Sodium-glucose cotransporter 2 (SGLT2) inhibitors show “remarkable consistency of class benefit” for improving cardiovascular outcomes in high-risk people across age, sex, and race/ethnicity categories.
The findings, from a meta-analysis of 10 major randomized clinical trials, wereJan. 5, 2021, in JAMA Network Open by Mukul Bhattarai, MD, a cardiology fellow at Southern Illinois University, Springfield, and colleagues.
“Our meta-analysis evaluated a wide spectrum of efficacy outcomes, further characterizing the primary outcome in different subgroups from several well-designed large clinical trials. It supports that SGLT2 inhibitors have emerged as an effective class of drugs for improving cardiovascular morbidity and mortality, including the prevention of [hospitalization for heart failure] and reducing all-cause mortality in selected patients,” Dr. Bhattarai and colleagues wrote.
The cardiovascular outcomes of SGLT2 inhibitor therapy, they noted, “can be compared across all trials, and it demonstrates remarkable consistency of class benefit, despite the variations in populations enrolled.”
However, they also noted that SGLT inhibitors did not reduce the risk of
Ten trials, consistent cardiovascular benefits
Dr. Bhattarai and colleagues searched the literature through Jan. 10, 2021, as well as meeting presentations and other sources. They identified 10 placebo-controlled, randomized clinical trials in which participants hador ASCVD risk factors, diabetes, or . Among a total of 71,553 high-risk patients, 39,053 received an SGLT2 inhibitor and 32,500 received a placebo.
The primary outcome of cardiovascular death or hospitalization for heart failure occurred in 8.10% randomized to SGLT2 inhibitors, compared with 11.56% in the placebo group, a significant difference with odds ratio 0.67 (P < .001). Both individual outcomes were lower in the SGLT2-inhibitor group, with a number needed to treat of 5.7 (P < .001).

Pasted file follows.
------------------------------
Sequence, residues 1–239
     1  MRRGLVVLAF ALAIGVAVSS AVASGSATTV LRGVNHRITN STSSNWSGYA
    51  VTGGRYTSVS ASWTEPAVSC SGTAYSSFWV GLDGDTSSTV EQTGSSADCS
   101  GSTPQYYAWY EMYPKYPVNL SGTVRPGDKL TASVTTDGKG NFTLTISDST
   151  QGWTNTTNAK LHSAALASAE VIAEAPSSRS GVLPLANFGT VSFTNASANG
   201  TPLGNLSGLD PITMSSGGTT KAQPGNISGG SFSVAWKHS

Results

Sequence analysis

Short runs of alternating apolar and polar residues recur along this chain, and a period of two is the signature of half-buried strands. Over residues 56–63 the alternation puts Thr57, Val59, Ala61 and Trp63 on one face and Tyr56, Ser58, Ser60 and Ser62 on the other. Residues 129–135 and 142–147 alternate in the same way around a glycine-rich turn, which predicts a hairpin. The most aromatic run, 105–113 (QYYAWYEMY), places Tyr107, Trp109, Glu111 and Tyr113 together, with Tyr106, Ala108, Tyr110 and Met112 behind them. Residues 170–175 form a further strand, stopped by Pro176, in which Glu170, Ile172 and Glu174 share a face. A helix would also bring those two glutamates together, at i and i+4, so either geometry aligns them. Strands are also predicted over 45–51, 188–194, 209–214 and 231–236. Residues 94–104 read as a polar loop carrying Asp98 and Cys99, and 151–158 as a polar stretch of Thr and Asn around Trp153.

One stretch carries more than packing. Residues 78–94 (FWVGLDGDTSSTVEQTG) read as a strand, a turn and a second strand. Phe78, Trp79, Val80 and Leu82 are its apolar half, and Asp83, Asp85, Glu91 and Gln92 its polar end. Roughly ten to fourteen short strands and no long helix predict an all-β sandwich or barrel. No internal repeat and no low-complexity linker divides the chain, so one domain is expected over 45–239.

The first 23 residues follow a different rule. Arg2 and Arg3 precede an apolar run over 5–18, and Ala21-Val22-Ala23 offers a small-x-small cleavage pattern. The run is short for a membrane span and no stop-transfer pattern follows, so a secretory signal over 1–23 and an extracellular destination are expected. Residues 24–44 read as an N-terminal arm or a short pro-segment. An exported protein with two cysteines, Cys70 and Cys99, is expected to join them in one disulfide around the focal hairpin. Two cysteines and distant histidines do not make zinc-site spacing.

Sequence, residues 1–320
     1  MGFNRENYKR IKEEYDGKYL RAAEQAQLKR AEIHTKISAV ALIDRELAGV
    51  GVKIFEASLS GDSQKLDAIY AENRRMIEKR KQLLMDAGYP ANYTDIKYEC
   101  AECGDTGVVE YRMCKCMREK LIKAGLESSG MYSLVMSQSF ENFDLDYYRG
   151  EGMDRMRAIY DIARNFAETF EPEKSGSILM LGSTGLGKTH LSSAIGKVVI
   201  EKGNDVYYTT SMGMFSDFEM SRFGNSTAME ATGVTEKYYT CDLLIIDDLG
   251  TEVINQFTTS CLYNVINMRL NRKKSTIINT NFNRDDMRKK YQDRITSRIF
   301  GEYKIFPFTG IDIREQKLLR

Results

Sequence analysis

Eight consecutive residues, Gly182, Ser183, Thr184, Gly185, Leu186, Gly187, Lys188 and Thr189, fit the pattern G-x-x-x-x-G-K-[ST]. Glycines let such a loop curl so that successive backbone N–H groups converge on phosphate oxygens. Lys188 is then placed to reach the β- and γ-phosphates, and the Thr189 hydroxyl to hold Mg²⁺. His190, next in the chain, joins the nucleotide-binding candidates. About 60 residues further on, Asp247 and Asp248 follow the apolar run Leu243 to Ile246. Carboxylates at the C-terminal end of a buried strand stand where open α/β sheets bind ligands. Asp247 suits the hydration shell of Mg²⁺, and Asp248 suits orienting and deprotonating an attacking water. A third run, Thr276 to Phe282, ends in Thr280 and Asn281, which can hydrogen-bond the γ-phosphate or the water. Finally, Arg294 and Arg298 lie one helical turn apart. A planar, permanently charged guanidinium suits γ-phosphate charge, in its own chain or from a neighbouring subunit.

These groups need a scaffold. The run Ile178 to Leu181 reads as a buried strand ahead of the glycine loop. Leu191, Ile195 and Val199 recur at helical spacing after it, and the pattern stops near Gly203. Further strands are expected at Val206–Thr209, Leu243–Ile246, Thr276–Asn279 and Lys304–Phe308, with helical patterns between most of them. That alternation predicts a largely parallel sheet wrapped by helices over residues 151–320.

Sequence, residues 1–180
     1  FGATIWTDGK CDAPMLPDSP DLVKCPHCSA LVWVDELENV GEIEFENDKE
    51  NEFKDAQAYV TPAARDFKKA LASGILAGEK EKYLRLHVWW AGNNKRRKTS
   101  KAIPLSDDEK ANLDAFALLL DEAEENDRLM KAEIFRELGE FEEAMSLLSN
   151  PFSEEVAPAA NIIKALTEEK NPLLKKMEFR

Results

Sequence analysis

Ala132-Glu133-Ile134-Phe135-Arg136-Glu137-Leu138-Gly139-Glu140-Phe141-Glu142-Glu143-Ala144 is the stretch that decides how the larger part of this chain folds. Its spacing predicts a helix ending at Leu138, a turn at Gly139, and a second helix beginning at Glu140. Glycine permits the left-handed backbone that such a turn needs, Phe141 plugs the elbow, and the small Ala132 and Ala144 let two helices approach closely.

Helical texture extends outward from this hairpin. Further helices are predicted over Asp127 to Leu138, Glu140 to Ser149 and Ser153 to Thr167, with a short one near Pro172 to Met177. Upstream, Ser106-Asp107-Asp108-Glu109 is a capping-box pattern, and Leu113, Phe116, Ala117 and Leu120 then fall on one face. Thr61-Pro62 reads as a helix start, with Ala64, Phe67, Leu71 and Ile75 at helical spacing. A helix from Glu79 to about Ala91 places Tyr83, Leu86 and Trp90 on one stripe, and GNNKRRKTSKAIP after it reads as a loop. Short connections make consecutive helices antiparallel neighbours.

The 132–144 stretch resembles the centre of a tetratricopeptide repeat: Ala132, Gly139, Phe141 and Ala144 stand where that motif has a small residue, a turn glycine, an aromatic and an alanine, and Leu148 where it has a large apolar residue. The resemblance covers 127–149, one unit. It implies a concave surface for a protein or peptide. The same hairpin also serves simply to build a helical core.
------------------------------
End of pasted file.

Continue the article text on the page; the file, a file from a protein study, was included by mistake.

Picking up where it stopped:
Patients receiving SGLT2 inhibitors also had significantly lower rates of major adverse cardiovascular events, defined as death due to cardiovascular causes, nonfatal, or nonfatal . Those events occurred in 9.82% versus 10.22%(OR, 0.90; P = .03).
Hospitalizations and ED visits with heart failure were also reduced with SGLT2 inhibitors (4.37% vs. 6.81%; OR, 0.67; P < .001), as was cardiovascular death (4.65% vs. 5.14%; OR, 0.87; P = .009). The reduction in heart failure is likely caused by a combination of a natriuretic effect and reduced interstitial fluid, along with inhibition of cardiac fibrosis, the authors said.
On the other hand, no reductions were seen in acute MI, evaluated in five of the studies. That event occurred in 4.66% taking SGLT2 inhibitors, compared with 4.70% of the placebo group, a nonsignificant difference with an OR of 0.95 (P = 0.22). This is likely because of the fact that SGLT2 inhibitors don’t have known antianginal properties or vasodilatory effects, they don’t reduce myocardial oxygen consumption, and they don’t prevent cardiac muscle remodeling, they noted.
All-cause mortality was significantly lower with SGLT2 inhibitors, though, at 7.09% versus 7.86% (odds ratio, 0.87; P = .004).
Benefits seen across age, sex, and race/ethnicity subgroups
While no differences in benefit were found between men and women when compared with placebo groups, the rates of cardiovascular death or heart failure hospitalizations were slightly higher in men than in women (9.01% [OR, 0.75; P < .001] vs. 5.34% [OR, 0.78; P = .002]).
By age, SGLT2 inhibitors benefited people both those younger than 65 years and those aged 65 years and older, although the primary outcome was slightly lower in the younger group (6.94% [OR, 0.79; P < 0.001] vs. 10.47% [OR, 0.78; P < .001]).
And by race, similar benefits from SGLT2 inhibitors were seen among individuals who were White, compared with those who were Asian, Black, or of other race/ethnicity, with event rates of 8.77% (OR, 0.82; P < .001) and 8.75% (OR, 0.66; P = .06), respectively.
“Owing to the short-term trial durations, future long-term prospective studies and postmarketing surveillance studies are warranted to discover the rate of cardiovascular outcomes,” Dr. Bhattarai and colleagues concluded.
The authors have no disclosures.
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